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On the Brink: 50 Year Anniversary of the Cuban Missile Crisis

A recounting of the 13 days when the world stood on the precipice of nuclear war.

by
Daniel Mandel

Bio

October 30, 2012 - 9:51 pm
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Kennedy soon came into receipt of two missives from Khrushchev. The first, on October 26, was personal and earnest and indicated a desire to strike a deal to defuse the crisis: Khrushchev proposed removal of the missiles from Cuba in return for a public American pledge never to invade Cuba. The second, on October 27, was impersonal and rigid — and suspected of being a Politburo production, not Khrushchev’s — and more belligerent, insisting also on the removal of the U.S. Jupiter missiles from Turkey.

To make matters worse, the same day, an American U-2 spy plane was shot down and its pilot, Major Rudolf Anderson, killed. A second U-2 strayed into Soviet airspace and nearly shared the same fate. It has been said that neither side would have permitted war on such chance missteps, but that remains unclear: ExComm had previously decided that a downed U-2 called for eliminating the offending SAM anti-aircraft missile site. ExComm had further determined that all SAM sites in Cuba were to be destroyed if a second U-2 was downed. Matters could have swiftly degenerated into war. Kennedy wisely chose not to order retaliation for the first U-2 and to remain silent about the second. He also ordered U.S. Jupiter missiles in Turkey defused so they could not be fired without his authorization.

Even without these possible triggers, the risk of war was high. On October 22, the U.S. moved to Defcon-2, the highest state of alert reached at any time in the Cold War. All U.S. missile crews were placed on maximum alert, over 1,400 bombers were armed and poised for immediate action, including 90 B-52s airborne carrying multi-megaton bombs, and over 160 nuclear warheads were made active. Whatever else might be said about the crisis, it cannot be claimed that the two superpowers were not poised near the brink.

Through back channels, agreement was reached along the lines of Khrushchev’s second letter, though the removal of the Jupiter missiles was a secret component of the deal, never avowed in public. On October 28, the deal was concluded and the world — for once not a hyperbolic image — breathed a sigh of relief. Kennedy basked in the glow of victory. A nuclear exchange had been averted and the Democrats picked up four Senate seats in the midterm elections that followed.

In short, Kennedy’s wretched judgment on the Bay of Pigs had spurred the Soviets to shore up their Cuban ally to the point of installing nuclear missiles. Yet with the stakes so high, Soviet determination untested, and the room for maneuver small, Kennedy carefully extricated the U.S. from the ignominious prospect of Soviet missiles positioned permanently ninety miles from mainland United States. He thus extricated the world from a nuclear exchange precipitated by this development.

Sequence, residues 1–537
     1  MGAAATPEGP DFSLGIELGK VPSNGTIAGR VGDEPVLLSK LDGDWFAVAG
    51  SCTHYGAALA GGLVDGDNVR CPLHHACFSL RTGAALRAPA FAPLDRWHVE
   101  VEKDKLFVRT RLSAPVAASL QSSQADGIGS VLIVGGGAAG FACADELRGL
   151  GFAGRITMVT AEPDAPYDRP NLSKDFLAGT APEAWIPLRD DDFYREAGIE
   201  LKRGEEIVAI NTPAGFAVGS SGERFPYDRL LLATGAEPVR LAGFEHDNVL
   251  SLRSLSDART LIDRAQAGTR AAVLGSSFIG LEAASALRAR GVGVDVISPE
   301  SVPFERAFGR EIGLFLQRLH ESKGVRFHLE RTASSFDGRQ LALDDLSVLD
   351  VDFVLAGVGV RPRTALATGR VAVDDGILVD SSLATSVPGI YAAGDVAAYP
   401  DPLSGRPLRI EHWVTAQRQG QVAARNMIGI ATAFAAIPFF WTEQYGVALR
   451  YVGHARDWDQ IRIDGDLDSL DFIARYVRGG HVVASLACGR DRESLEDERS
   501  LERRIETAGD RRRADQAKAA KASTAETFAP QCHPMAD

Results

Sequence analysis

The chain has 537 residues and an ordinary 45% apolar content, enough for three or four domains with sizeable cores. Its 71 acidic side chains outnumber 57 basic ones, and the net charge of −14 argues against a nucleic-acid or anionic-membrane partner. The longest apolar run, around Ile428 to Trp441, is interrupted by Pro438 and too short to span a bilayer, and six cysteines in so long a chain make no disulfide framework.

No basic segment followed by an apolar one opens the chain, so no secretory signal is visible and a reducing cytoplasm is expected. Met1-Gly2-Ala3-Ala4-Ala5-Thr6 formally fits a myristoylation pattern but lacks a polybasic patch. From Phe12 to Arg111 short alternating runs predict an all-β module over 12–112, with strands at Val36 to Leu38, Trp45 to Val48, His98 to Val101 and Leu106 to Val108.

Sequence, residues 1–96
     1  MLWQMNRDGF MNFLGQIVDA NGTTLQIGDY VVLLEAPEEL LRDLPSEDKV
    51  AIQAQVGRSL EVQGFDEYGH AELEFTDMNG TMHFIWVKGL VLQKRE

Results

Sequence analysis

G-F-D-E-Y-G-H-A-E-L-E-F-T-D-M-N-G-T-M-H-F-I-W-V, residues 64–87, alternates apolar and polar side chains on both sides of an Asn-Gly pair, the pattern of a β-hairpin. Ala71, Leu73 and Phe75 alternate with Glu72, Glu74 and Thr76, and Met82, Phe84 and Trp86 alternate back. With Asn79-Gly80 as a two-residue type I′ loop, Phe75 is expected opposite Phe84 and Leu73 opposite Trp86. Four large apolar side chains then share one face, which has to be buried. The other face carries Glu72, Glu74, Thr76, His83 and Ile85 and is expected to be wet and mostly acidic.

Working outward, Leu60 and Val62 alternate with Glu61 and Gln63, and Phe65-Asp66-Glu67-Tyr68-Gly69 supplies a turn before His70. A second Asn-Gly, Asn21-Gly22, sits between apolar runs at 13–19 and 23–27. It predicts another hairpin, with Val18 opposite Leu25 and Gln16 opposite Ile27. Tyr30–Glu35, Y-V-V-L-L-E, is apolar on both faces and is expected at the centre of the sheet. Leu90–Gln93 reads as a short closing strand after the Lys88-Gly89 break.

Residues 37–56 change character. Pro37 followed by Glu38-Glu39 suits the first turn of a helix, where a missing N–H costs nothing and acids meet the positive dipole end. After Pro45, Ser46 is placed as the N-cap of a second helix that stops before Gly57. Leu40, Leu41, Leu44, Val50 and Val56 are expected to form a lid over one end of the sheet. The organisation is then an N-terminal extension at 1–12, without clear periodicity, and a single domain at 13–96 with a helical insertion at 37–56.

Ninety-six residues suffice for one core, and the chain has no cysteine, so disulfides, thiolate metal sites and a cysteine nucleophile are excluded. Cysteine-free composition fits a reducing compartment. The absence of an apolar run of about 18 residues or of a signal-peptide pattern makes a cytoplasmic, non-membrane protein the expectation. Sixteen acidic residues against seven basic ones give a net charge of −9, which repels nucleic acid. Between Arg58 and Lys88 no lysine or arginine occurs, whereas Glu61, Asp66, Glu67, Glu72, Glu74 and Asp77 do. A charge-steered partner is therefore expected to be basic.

There remain critics. Some thought the deal weak, that a more seasoned, sure-footed  president would have insisted on the restoration of the status quo ante and the complete demilitarization of Cuba. “So long as we had the thumbscrew on Khrushchev, we should have given it a turn every day,” had been the judgement of Dean Acheson, former secretary of State under Harry S. Truman, whom Kennedy had called in to advise during the crisis. Should Kennedy have demanded demilitarization? Would the Soviets, being able to achieve the securing of Cuba from American invasion and the removal of the Jupiter missiles besides, have balked at withdrawing their advisers from Havana? The answer may never be known. Given the stakes, one is inclined to give Kennedy the benefit of the doubt for not attempting to find out.

Yet no accounting of the deal can omit its costs. The 42,000 Soviet advisers in Cuba remained, training Castro’s forces to develop what was to become the leading communist mercenary army, which would assist subversion in Latin America, Africa, and Asia for the next two decades. Cuban exiles had to forfeit any hope of dismantling communism in their homeland until at least after the Cold War and, indeed, up to the present day. They paid the heaviest price for sparing the world the horrors that might have been unleashed half a century ago.

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Daniel Mandel is a Fellow in History at Melbourne University, Director of the Zionist Organization of America’s Center for Middle East Policy and author of H.V. Evatt and the Establishment of Israel: The Undercover Zionist
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